n., An issue of water from the earth; a spring; a fountain. v.intr., To rise to the surface, ready to flow; to rise or surge from an inner source. v.tr., To pour forth. adj., In a satisfactory condition; right or proper. interj., Used to introduce a remark, resume a narrative, or fill a pause during conversation; used to express surprise.dictionary.com
Saturday, November 03, 2007 Heidi's blogging again - elsewhere. Check out http://fluxit.blogspot.com posted by Heidi | 3.11.07
Wednesday, March 24, 2004 I've been in the position to do a fair amount of interceding lately for different people and circumstances that God has placed on my heart and mind. One amazing gift of the Catholic Church is the opportunity to intercede in front of the Blessed Sacrament, Jesus Himself...
Recently I read Sr. Ann Shield's book Pray and Never Lose Heart: The Power of Intercession. The section that most struck me was chapter 6: "In the Name of Jesus."
She begins by quoting John 14:12-14, the last part of which is "Whatever you ask in my name, I will do it, that the Father may be glorified in the Son; if you ask anything in my name, I will do it."
She then goes on to say:
Many times in the past I would read this passage and immediately try to apply it without fully understanding what Jesus meant. I would say, "Jesus, in your name, do this." Or, "Jesus, in your name, make this happen." Yet, is the name of Jesus just a formula we can attach to the end of any prayer we make? . . .
Consider what it usually means to make a request in someone else's name. If I were to ask you for money in the name of Mother Teresa of Calcutta, for example, you would rightly expect your money to help Mother Teresa's work. . .
In the same way, if we are praying "in the name of Jesus," our requests should have some connection with Jesus and his work. In other words, I had better have some reason to think that I am asking for something Jesus wants! When we are sincerely praying "in the name of Jesus," we do not simply say the name of Jesus at the end of our prayer. We are praying according to Jesus' heart and Jesus' intention.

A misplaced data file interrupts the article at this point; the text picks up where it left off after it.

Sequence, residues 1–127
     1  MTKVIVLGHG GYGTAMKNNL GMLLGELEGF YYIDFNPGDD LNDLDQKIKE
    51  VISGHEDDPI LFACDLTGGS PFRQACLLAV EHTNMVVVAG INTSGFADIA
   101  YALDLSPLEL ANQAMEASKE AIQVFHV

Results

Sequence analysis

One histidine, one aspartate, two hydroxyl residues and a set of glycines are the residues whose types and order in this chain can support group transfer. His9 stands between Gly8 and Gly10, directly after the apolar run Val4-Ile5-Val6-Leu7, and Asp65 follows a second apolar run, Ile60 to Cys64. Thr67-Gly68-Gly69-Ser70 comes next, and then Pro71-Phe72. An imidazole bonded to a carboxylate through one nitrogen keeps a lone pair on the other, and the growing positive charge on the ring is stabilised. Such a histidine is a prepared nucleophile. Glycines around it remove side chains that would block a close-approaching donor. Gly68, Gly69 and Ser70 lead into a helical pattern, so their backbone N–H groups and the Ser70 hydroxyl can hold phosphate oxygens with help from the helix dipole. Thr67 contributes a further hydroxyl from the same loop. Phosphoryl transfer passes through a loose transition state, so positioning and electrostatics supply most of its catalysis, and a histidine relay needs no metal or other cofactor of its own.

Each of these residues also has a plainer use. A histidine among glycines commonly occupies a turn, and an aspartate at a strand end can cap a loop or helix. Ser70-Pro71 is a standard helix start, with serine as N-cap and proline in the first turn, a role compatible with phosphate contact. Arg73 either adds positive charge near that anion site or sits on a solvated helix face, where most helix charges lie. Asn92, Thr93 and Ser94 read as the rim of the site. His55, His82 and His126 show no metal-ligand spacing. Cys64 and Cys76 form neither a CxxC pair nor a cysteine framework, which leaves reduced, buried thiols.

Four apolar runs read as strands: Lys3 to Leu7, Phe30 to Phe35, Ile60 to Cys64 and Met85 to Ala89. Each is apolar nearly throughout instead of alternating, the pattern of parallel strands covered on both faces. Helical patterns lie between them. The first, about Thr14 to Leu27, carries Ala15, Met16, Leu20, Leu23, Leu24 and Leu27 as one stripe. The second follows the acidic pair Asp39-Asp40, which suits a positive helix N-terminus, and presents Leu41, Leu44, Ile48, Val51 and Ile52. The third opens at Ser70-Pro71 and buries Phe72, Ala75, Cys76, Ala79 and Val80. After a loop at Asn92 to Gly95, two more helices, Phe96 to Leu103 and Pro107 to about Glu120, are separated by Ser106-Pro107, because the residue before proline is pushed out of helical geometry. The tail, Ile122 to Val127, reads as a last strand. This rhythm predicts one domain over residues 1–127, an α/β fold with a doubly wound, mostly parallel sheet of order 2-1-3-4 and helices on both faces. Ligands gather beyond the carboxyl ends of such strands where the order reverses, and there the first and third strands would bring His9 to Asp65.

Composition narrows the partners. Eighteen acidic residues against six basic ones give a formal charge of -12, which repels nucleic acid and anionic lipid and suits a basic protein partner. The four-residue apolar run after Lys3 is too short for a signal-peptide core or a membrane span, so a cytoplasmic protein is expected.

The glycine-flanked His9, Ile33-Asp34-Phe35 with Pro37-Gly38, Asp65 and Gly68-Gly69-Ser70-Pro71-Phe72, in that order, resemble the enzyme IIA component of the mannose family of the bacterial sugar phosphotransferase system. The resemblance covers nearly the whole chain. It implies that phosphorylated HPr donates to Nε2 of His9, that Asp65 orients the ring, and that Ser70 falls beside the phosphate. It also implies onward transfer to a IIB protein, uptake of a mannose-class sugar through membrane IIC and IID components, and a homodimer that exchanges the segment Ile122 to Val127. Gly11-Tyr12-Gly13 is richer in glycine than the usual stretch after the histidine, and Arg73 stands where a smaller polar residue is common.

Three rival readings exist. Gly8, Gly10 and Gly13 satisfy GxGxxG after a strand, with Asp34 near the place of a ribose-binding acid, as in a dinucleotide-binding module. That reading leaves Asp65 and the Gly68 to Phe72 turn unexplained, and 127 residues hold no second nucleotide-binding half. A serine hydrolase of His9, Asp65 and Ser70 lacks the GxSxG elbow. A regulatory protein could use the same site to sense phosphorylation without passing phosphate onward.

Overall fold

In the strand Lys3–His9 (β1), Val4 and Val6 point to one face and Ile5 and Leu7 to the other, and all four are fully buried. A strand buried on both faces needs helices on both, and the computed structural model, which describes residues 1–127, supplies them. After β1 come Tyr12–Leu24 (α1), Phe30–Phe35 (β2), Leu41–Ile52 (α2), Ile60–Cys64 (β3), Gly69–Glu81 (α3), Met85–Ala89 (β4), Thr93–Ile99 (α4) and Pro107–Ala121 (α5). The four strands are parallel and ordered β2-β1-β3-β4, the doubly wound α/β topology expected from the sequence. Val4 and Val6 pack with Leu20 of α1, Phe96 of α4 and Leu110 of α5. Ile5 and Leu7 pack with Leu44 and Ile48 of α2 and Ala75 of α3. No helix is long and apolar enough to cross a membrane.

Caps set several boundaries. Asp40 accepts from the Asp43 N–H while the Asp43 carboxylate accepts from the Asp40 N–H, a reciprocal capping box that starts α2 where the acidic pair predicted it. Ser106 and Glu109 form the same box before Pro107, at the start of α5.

When you have been pruned and the life of Christ is increasing in your life, you love him so much that you find yourself saying, "I want whatever is your will." This is what it means to ask in the name of Jesus. The only way you can know whether something is according to Jesus' nature and according to Jesus' will is by union with him.
And this is what she goes on to elaborate. posted by Heidi | 24.3.04
Monday, March 15, 2004 I've been drawn to books on praying for healing in the last while, and the lastest classic-that-I'd-never-heard-of that I just ran across (& read) was Francis MacNutt's Healing. The book contains some real kickers, such as:
Christianity is more than doctrine; it is power. It is power to transform our lives, to destroy the evil that prevents us from loving God and our neighbor. Jesus came to bring us a new life, a share in God's own life. We have always believed these things, but where is the reality of it? Where is the power that truly changes lives?
What we have done all to frequently has been to take the good news and turn it into good advice. The good news is that Christ has come to help us enter into the very life of his Father and to transform us by his power into new persons who can love and rejoice and help the poor in a way far beyond our capabilities. In contrast, good advice is to hold up a Christian ideal of life and service, and then to say: "Here's the ideal; now use your own willpower to achieve it." In short, we are tempted to preach law rather than grace (p.75).
or this--the response I've been waiting for to the conception that many people have that "having faith" (especially in terms of prayer for healing) consists of ratcheting up self-deluding "belief" that something that they in all honesty don't think will happen will nevertheless happen:
My faith is in God--not in my faith. . . .
My faith is in God--in his faithfulness to his promises, in his wisdom, in his power, and in his goodness. . . .